Mch 30, 2000Kosovo rebuilds among ruins of the war that never ends
PRISHTINA - In the muddy streets of Pustasel, the villagers have little to celebrate as NATO marks the first anniversary of the start of its war in Kosovo. People are rebuilding, but it is hard to contemplate the aftermath of the campaign that gave ethnic Albanians freedom from Serbian rule without thinking back to the horror of the conflict.
A year ago, as the warplanes of the world's most powerful military alliance streaked overhead, Serbian forces rounded up 106 men in a field at Pustasel and murdered them. The killers put out some of their eyes and cut off their ears. The youngest was a boy of 14 and the oldest was nearly 90. One of their victims was Fadil Krasniqi, a father of eight.
His wife, Nakije, was pregnant with their ninth child when he died. Her gaunt face looks out of the doorway of their shattered home in utter despair. "My mother has not spoken much since that day," said Fatmire, her eldest daughter.
Nakije, 42, who is having to cope with five daughters and four sons on her own, is still stricken with grief and scarcely comes out of her house. She has named her youngest, born six months ago, Fadil in memory of her murdered husband.
Next door, in a house with a broken roof, Shelqi Krasniqi is struggling to bring up three boys and seven girls. Her husband was also killed. "We want to rebuild our lives, but how can we?" she said. The echoes and images of the massacre replay constantly in her head.
Many of the men are buried in the centre of the village, an enduring reminder of the tragedy. Some were found on a rubbish dump miles away. But others are still missing and the villagers plead tearfully to be told what has happened to their menfolk. Until they know the truth, there is a vain hope the men might be in Serbia, where hundreds of Albanians are still held in jail.
Kosovo is the focus of one of the largest humanitarian relief efforts per capita in recent history. The UN has brought in 60,000 home-repair kits, which have given shelter to an estimated 500,000 people.
The World Food Programme fed the entire population for a while and is still helping 900,000, about half of it. Some 60,000 stoves have been provided and 250,000 items of children's clothing.
But some vulnerable families seem to have fallen through the aid net, receiving no more than a few German marks a month and some flour and oil. "This is no life. This is like death," said one woman. "But we have to carry on for the children."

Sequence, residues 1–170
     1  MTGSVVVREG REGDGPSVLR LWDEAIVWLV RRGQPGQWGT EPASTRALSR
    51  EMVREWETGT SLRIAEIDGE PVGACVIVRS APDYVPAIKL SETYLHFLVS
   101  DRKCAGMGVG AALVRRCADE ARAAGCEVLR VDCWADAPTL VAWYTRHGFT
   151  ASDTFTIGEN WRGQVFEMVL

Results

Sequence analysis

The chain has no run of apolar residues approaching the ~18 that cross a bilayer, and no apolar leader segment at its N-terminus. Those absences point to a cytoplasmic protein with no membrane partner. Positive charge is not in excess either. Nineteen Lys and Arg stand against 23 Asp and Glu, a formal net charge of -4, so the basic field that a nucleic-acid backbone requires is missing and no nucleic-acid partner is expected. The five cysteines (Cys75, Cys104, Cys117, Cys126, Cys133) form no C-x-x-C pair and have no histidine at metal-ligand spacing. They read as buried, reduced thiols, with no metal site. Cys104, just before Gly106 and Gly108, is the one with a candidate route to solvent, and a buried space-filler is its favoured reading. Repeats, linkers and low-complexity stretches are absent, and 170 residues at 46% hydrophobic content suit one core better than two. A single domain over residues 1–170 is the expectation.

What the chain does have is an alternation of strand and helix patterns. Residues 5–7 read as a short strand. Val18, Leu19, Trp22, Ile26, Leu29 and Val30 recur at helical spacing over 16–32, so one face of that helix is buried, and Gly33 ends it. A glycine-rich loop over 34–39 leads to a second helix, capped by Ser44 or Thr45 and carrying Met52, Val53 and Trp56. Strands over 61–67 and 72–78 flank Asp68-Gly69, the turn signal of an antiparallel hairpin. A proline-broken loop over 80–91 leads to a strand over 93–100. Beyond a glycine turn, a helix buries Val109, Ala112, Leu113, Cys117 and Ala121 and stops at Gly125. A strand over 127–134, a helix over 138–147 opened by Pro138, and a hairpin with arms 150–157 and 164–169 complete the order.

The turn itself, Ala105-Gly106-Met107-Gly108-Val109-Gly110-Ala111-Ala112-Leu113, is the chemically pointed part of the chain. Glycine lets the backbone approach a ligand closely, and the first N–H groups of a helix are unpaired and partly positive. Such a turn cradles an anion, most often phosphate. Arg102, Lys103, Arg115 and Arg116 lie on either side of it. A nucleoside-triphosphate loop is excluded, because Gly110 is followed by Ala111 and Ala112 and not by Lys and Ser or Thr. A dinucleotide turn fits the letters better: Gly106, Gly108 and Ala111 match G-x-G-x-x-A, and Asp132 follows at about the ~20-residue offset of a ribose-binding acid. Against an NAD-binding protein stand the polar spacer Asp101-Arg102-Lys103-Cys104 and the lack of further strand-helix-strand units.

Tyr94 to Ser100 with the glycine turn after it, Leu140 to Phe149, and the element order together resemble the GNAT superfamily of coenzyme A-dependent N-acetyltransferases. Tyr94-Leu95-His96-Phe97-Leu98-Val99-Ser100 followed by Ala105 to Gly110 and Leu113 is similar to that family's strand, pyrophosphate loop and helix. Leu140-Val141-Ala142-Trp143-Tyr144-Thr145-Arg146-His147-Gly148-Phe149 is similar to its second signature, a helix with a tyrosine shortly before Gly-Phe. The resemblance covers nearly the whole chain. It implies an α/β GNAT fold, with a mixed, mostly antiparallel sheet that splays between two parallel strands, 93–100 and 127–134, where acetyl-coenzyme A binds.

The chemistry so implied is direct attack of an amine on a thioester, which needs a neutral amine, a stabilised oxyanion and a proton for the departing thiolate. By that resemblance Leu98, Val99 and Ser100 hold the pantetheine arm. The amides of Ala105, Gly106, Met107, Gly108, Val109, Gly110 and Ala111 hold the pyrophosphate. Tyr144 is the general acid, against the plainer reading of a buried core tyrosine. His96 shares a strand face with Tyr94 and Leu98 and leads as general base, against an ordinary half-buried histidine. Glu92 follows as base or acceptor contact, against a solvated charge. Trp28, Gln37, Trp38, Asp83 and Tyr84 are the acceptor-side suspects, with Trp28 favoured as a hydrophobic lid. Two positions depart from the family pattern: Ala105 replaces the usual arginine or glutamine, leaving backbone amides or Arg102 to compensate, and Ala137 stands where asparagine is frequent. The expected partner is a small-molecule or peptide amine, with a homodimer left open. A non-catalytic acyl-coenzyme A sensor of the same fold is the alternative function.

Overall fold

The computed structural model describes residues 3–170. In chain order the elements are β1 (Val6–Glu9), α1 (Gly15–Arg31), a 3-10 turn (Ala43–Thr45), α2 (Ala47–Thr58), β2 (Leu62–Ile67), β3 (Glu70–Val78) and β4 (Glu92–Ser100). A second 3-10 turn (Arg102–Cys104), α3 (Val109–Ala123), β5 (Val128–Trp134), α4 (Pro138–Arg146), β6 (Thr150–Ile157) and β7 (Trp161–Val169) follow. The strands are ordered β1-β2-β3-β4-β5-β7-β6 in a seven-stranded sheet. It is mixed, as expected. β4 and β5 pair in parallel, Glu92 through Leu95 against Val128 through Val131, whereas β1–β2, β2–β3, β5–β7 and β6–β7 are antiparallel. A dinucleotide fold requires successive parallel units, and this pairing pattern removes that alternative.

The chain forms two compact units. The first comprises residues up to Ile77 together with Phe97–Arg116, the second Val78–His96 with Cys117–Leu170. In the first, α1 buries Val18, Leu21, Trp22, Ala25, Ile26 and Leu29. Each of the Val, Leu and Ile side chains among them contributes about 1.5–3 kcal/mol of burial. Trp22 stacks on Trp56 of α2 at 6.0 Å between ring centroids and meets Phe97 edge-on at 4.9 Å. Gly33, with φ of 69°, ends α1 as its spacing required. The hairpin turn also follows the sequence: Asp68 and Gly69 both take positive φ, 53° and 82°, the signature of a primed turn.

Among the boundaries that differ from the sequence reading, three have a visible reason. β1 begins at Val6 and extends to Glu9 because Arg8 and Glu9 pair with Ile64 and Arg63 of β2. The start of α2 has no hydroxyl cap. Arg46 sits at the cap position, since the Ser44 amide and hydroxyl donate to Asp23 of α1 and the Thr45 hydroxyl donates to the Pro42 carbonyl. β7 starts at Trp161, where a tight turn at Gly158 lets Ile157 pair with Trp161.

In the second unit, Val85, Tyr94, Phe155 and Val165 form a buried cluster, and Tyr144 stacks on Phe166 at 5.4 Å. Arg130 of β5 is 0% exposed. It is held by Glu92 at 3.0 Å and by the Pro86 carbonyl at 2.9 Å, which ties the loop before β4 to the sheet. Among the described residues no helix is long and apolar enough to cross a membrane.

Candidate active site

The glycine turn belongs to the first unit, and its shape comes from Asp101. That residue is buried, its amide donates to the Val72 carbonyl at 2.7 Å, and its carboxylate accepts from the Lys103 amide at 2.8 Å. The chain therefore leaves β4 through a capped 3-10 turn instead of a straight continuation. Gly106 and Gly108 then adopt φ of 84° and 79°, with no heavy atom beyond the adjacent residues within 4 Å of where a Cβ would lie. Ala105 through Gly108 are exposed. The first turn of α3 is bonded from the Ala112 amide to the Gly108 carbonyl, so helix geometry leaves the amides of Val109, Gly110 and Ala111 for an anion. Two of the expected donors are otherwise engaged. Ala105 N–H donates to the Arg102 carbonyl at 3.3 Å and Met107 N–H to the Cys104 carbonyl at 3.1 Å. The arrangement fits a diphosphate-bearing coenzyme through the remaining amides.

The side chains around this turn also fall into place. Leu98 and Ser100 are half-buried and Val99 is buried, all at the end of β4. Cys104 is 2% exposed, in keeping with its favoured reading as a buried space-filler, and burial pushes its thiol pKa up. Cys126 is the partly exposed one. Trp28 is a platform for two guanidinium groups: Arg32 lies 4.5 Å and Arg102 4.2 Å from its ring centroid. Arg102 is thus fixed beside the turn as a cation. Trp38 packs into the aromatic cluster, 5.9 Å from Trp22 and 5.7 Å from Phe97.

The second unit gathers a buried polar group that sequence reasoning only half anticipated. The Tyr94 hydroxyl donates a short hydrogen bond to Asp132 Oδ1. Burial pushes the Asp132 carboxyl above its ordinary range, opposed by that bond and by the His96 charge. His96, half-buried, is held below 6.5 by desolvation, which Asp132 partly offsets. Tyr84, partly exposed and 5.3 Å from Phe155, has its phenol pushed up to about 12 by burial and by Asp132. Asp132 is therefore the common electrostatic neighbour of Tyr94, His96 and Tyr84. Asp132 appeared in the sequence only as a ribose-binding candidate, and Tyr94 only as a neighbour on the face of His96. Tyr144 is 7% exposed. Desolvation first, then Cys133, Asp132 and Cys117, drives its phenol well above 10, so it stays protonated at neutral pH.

Many of the houses in Pustasel were burnt by the Serbs or badly damaged. Serving ice cream and soft drinks in the only shop, Verhan Krasniqi, 59, one of 13 survivors of the massacre, said the village had yet to come to terms with its grief.
"Forty of my friends are buried there," he said, gesturing towards their graves. "It is very hard for me to go outside to see them every day."
He nevertheless thought the sacrifice had been worthwhile, and pointed to children at a playground set up in the field where his friends were slaughtered as a sign of life renewed.
If the peace has been hard for the widows of Pustasel, it has been better for Imer Bakar. I last saw him a year ago, a gaunt figure hiding in the hills of northern Kosovo from the Serbs, who had driven him out of his village, Studenica, set it on fire and killed 35 people, including eight women they stuffed down a well.
Bakar has rebuilt his house and has recovered one of his three cows. He said that, without NATO, he could never have expected to return. At Glina, where 101 men are still missing after a Serbian round-up, 22-year old Hissene Krasniqi recognises that he is one of the luckiest to be alive. A year ago he was lined up and shot with 15 others. Four bullets hit him in the back, arms and legs. But when the executioners had left, he crawled out from the pile of corpses. He now wants to be a footballer.
International aid workers marvel at the resilience and enterprise of people who, a year ago, were refugees fleeing over the mountains to escape the forces of Slobodan Milosevic, the Yugoslav president. But as the struggle to rebuild lives goes on, another conflict has erupted, one that NATO and the UN do not have the means or stomach to fight. To do so would mean confronting members of the disbanded Kosovo Liberation Army (KLA).
While Kosovo has no judicial system worthy of the name and virtually no police, the province has become a centre of criminality often linked to former members of the rebel group. There are rarely any witnesses, even to attacks in public.
Trying to administer the still-traumatised and upended territory has proved harder and more complex than fighting the war a year ago. "The international community is bound to fail in Kosovo if it is not prepared to invest in the peace," a western diplomat said.
In Pustasel they say the future cannot be worse than the past. But diplomats warn that Kosovo may be sliding towards warlordism.
(Excerpts from Sunday Times).